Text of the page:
How to eliminate health hazards while home-painting

05. November 2021 Interior Design 0
How to eliminate health hazards while home-painting

A fresh coat of paint is an easy way to spruce up your home, exterior or office space. But especially when home-painting indoors, you should follow various measures and painting safety precautions to protect yourself and your family. With increasing DIY culture it is important people are aware of safe painting measures for a fun filled and safe experience.

Step 1: Use Water-based Paint Products with Low VOCs

Use water-based primers and paints which have either no VoCs or have low volatile organic compounds (VoC) for safely painting your home or office space. Most high-quality interior paint products available in the market now-a-days have reduced the amount of VOCs used. Compared to traditional paints, modern products release fewer fumes. Low VOC primers and paints are applied the same way as conventional products and cost about the same too. Another advantage of using the low VoC products is that they can be cleaned easily without the use of strong solvents and disposed of easily.

Step 2: Be Safe Around Electrical Outlets

Ensure to practice painting safety when painting or working near electrical outlets; cover all exposed outlets with the painter’s tape. Many-a-times to protect the outlet, one needs to remove the outlet cover, hence leaving the terminal exposed. If you need to remove the outlet or simply cover the switch to paint, turn off the power to the room before you start. If you need professional painters in mumbai, pune or hyderabad, FreshHomez would be happy to help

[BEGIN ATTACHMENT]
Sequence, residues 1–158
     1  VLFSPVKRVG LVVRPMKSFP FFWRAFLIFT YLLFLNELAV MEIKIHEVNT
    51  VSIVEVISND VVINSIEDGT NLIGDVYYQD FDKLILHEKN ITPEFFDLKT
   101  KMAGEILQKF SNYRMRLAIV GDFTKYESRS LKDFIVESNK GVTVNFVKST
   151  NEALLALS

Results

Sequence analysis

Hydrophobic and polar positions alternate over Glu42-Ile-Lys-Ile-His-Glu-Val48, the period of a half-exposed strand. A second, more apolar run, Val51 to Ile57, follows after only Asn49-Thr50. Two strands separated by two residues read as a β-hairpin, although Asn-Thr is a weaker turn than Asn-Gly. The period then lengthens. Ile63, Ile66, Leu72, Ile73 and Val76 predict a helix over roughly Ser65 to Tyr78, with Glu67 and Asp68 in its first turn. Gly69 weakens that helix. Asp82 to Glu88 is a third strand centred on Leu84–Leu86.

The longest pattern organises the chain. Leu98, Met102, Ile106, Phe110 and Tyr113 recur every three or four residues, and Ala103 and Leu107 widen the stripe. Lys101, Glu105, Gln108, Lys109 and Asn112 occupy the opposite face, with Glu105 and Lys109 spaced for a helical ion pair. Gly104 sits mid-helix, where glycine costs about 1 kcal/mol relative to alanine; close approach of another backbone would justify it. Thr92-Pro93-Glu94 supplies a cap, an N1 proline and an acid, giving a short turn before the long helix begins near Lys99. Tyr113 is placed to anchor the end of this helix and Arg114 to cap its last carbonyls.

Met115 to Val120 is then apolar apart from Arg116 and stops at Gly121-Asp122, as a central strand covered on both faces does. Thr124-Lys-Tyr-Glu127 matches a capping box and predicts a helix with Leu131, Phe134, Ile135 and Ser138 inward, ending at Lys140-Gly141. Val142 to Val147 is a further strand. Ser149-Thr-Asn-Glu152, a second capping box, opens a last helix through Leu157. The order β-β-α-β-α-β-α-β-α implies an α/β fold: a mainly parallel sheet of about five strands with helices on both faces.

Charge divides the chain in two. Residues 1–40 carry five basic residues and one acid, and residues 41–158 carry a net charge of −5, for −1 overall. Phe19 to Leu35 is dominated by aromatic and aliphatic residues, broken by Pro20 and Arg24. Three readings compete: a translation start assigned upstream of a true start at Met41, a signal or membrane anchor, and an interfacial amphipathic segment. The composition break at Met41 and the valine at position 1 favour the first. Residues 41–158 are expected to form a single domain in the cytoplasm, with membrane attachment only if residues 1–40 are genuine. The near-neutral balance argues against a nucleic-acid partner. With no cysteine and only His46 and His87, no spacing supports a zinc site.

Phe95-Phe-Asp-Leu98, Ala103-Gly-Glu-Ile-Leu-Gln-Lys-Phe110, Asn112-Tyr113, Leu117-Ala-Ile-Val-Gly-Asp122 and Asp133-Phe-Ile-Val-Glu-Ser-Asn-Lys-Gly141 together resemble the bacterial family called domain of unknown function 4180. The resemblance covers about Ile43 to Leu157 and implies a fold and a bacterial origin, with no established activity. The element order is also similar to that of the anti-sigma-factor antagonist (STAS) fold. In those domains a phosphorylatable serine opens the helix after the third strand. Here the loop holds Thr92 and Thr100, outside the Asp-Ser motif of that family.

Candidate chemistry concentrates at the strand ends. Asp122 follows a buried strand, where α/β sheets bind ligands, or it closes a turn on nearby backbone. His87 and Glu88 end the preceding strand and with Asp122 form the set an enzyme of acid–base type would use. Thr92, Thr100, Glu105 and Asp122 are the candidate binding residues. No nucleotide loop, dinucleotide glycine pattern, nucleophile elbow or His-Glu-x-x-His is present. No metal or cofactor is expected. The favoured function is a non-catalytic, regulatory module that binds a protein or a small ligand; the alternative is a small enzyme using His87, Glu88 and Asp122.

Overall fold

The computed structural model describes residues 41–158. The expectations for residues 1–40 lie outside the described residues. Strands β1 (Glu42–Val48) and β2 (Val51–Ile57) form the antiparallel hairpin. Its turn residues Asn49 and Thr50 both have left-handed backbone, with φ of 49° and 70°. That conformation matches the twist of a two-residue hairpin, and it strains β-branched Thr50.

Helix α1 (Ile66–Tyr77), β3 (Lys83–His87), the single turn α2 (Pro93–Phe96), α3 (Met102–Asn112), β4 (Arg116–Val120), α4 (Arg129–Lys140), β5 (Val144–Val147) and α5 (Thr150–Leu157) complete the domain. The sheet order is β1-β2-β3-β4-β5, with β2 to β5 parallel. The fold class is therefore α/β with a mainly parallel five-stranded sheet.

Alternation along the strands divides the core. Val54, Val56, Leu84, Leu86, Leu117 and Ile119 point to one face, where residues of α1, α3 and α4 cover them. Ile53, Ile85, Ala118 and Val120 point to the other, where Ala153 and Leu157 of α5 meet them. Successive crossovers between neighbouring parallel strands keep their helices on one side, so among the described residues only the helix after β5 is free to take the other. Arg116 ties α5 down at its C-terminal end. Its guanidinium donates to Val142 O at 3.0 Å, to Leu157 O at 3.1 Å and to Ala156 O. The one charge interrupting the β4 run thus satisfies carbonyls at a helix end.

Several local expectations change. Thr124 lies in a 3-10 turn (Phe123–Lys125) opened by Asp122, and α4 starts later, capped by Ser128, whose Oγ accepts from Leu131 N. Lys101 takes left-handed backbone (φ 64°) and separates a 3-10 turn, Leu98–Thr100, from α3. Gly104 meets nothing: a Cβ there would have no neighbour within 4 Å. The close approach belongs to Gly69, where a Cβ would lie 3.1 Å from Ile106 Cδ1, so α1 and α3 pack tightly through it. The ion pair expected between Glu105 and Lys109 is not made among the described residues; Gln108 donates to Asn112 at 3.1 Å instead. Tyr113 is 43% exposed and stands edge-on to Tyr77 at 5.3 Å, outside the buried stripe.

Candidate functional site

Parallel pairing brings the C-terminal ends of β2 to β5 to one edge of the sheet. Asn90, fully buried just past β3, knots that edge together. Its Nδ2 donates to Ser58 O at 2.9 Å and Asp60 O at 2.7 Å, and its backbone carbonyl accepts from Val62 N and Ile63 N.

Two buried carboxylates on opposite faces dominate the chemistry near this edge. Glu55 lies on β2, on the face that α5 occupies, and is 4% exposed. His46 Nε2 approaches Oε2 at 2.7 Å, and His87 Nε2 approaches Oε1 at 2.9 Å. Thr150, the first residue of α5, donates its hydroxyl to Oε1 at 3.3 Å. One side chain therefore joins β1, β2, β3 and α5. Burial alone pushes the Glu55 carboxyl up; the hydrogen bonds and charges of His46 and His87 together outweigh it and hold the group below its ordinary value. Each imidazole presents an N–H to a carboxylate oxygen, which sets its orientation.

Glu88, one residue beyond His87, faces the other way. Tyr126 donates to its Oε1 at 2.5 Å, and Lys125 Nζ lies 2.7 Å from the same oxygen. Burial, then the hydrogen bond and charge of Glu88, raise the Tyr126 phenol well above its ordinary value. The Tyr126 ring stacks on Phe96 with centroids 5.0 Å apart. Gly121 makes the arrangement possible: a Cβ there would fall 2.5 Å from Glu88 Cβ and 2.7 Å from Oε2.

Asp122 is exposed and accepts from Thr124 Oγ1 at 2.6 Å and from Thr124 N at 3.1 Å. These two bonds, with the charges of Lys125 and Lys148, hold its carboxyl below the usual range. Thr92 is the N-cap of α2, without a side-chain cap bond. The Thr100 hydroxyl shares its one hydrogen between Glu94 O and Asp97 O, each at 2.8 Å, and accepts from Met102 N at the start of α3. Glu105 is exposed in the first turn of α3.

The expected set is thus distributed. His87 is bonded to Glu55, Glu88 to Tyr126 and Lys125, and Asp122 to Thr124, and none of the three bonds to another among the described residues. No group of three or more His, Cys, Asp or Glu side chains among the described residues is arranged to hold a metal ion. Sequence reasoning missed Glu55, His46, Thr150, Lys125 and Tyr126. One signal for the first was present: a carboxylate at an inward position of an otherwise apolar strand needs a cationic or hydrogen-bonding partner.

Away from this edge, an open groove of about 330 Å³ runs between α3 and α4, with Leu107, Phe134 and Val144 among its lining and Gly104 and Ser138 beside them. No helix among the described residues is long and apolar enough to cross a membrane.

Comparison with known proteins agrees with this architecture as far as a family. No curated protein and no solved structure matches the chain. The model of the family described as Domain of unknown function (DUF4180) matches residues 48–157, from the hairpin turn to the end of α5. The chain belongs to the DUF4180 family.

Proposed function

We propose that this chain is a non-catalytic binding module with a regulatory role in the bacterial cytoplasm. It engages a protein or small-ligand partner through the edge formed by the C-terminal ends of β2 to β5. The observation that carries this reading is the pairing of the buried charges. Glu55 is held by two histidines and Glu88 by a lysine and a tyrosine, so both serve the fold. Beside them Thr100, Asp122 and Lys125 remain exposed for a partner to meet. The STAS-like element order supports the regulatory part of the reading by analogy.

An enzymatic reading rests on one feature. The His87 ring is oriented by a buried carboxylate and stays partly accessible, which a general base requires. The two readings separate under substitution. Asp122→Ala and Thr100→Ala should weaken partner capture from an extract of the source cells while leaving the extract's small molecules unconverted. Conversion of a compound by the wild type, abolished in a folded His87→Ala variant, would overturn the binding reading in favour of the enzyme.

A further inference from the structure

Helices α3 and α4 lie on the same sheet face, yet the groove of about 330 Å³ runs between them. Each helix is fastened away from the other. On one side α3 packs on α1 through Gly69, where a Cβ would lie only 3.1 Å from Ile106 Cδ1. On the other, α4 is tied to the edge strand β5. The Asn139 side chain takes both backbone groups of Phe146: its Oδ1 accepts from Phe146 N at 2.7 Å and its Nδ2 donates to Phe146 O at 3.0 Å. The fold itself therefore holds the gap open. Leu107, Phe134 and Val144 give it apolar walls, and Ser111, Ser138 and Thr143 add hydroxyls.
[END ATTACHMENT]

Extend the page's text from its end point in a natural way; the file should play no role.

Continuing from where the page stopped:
Step 1: Keep Paint Products Safely

Many of the solvent-based interior paints, thinners, varnishes and paint fumes are harmful to inhale, also they can also be flammable. While they are durable, it is advisable to avoid them in home-painting context. You should always make sure to keep the area well ventilated by opening the windows and doors. Use an exhaust fan to remove fumes from your workspace. Make sure to never paint or use any type of solvents/ other painting products near open flame or furnaces or water heaters. And please keep in mind never to smoke while painting. Some types of polishes, lacquers and enamel paints (solvent or oil-based) are usually flammable, the water-based acrylic and latex emulsions are usually not flammable.

Step 4: Test for Lead (must for home-painting)

Another major health risk comes from lead-based painting products. These carry significant risk have caused multiple cases of lead poisoning in children. Most modern paints, primers, polishes and varnishes are lead free, but checking a product from a not-so-well-known brand for lead is a smart thing to do.  If your home was built before 1978, then you should test painted surfaces like door-knobs or window frames with a lead testing kit.

Step 5: Clean Up and Dispose of Paint Properly

Many people don’t know that leftover latex and other water-based emulsions have to dry completely before you can throw the leftovers. Improper disposal can lead to land and water pollution. The empty paint containers should also be dried before discarding them, so keep the containers open in a well-ventilated space till the container is fully dry. If there is less than a quarter of the can left, then you can let the paint dry by leaving it in a well-ventilated area until it happens, stirring it once every few days. When leaving paint out to dry, then be sure to keep it in an area that is away from children, open flames, and pets. Clean brushes and rollers with the help of non-toxic, citrus-based turpentine or cleaners – an environmentally friendly solvent made from the resin of coniferous trees.

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